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The Kurds have been scourged by history (as well as by British and French designs, with their 1920s ‘peace to end all peace’, as David Fromkin termed it in his remarkable book). In drawing up the borders that followed World War One and the fall of the Ottoman Empire, the 1923 Treaty of Lausanne, despite earlier promises, left them stateless, split between Turkey, Syria, Iran and the fictitious country that is Iraq. But the stability of the latter has become crucial to the entire region.
After the 1991 Gulf War, the US protected the Iraqi Kurds from Saddam Hussein with a no-fly zone and an extensive de facto autonomy, which was strengthened and formalised after the 2003 US invasion and the dismantling of the Ba’athist state. Iraqi Kurdistan then embarked upon a process of ‘de-Arabisation’, as opposed to the policy that the Baghdad regime had pursued by force. There are now few Kurds who speak Arabic; their own language prevails. And the Iraqi state, if it can be referred to as such, does not extend that far.
The Iraqi Kurdistan government unilaterally organised a referendum on 25 September in which, according to its Electoral Commission, 92% voted in favour of independence on a turnout of 80%. Separation was not, however, immediately declared. President Barzani, of the Kurdistan Regional Government, knows that he has to negotiate with Baghdad, but the Iraqi Prime Minister, al-Abadi, who has elections coming up next year and whom opponents have criticised for letting the referendum proceed, refuses to negotiate and has demanded that the referendum be declared void before talks start.
The Iraqi Kurds are ploughing a lonely furrow with their plans. No country apart from Israel supports their claims, not even the US, because Washington’s priority is to maintain the stability of Iraq and finish off Islamic State (IS or Daesh), a fight in which Kurdish soldiers, the famous Peshmergas, along with the Iraqi army, play a decisive role. The EU countries and Russia do not warm to Kurds’ aspirations to independence, while Turkey and Iran are vehemently opposed, fearing that their Kurdish minorities and the territories where they live –with their respective calls for independence– would be attracted to or sucked in by a new Iraqi Kurdish state, thereby transforming borders and creating a new country with a population of over 40 million. Iran, which had been getting on well with the Iraqi Kurds, has closed the air border with Iraqi Kurdistan, Baghdad has cancelled flights and Turkey is also weighing up its options. Choking off Kurdish oil exports, which it could do, would go against Turkish interests, since it relies on them.
Terrorism, oil, the crisis in Iraq, the Syrian civil war and the burden of geopolitics all weigh against the birth of a new Kurdish state, and even its simple detachment from Iraq. The Iraqi Kurds have not been dealt the best cards, despite the fact that they have several aces up their sleeve (precisely because of which Baghdad does not want to yield), such as their reserves of oil, gas and the resource that is so essential in the region: water. A greater Kurdistan would control the bulk of the oil reserves in Iraq, Syria and Turkey, something that is underlined by the capture of the wealthy city of Kirkuk, although it is also populated by Arabs and Turkmen who have no desire to be integrated into a Kurdish state. Barzani is aware of the need to negotiate with Baghdad over ‘borders, water and oil’. He has his own problems in Kurdistan: divisions and conflicts between Kurdish parties (the Democratic Party, the Patriotic Union and the Gorran Movement), corruption and nepotism, not to mention an economy that has become heavily indebted following the fall in the price of crude oil and that imports between 80% and 90% of all it consumes.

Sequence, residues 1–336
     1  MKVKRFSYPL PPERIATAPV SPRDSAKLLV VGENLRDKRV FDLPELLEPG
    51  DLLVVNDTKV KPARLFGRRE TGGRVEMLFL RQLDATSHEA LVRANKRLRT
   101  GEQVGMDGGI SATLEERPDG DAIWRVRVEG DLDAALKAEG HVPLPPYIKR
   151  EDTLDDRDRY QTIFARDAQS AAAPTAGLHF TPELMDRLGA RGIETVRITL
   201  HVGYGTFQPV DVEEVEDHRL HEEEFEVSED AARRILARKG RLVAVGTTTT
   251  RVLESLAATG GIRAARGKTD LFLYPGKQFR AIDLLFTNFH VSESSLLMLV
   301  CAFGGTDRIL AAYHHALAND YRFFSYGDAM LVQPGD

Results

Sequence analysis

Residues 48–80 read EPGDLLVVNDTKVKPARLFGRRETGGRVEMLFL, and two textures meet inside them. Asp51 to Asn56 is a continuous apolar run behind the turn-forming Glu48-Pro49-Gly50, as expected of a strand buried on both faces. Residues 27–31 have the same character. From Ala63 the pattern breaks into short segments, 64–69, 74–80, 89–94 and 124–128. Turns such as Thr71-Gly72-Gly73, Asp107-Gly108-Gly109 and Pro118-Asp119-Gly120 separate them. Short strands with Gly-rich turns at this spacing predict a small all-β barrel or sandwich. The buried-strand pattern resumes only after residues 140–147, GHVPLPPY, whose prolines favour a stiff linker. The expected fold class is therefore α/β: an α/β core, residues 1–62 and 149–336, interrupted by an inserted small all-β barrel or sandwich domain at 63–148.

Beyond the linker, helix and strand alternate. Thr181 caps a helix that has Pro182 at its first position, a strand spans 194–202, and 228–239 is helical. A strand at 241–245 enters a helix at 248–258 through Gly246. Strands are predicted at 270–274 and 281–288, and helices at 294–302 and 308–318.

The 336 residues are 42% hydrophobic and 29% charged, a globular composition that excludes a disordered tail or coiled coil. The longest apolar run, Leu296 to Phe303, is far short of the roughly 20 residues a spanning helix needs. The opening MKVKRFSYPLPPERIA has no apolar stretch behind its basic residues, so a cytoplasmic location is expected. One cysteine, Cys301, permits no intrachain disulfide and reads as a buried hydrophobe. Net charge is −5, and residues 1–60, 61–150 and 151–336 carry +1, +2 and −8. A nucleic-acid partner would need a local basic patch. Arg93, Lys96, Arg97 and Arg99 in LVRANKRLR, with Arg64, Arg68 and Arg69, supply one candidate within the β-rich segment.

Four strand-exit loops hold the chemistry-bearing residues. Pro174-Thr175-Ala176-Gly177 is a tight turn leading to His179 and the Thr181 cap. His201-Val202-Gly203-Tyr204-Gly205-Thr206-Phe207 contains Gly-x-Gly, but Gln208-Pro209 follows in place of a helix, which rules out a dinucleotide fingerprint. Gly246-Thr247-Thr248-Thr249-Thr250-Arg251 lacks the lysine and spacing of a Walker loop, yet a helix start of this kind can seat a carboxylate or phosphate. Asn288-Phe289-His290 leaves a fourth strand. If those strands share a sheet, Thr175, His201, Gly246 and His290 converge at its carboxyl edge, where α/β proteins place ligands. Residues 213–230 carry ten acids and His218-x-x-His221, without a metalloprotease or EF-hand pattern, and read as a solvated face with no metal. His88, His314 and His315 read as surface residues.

There will be no let-up in the Kurds’ efforts, in both Iraq and Turkey, because perseverance is one thing they are not short of. Parcelled out between countries for generations, they have endured centuries with their sense of community intact. Their resistance and resilience should not be underestimated, particularly when it seems that the borders of the Middle East will sooner or later have to be re-drawn. The famous map sketched out in 1916 by the civil servants Sykes and Picot, respectively British and French, is in peril, although these days the desire for stability predominates. The situation will be influenced not only by geography but also the maps drawn up on it by Westerners, as is the case in Africa. ‘We have done away with Sykes-Picot’, boasted Islamic State in 2014. Not yet.
The role of the US, allied to both Baghdad and Erbil, will be decisive in facilitating dialogue between the two sides. The Iraqi Kurds who bade Iraq farewell in the run-up to the referendum will have to wait, possibly for quite some time. The moment of stability does not seem to have arrived. But it would be risky to state that a Kurdish state will never emerge, all the more so in the absence of any form of regional organisation.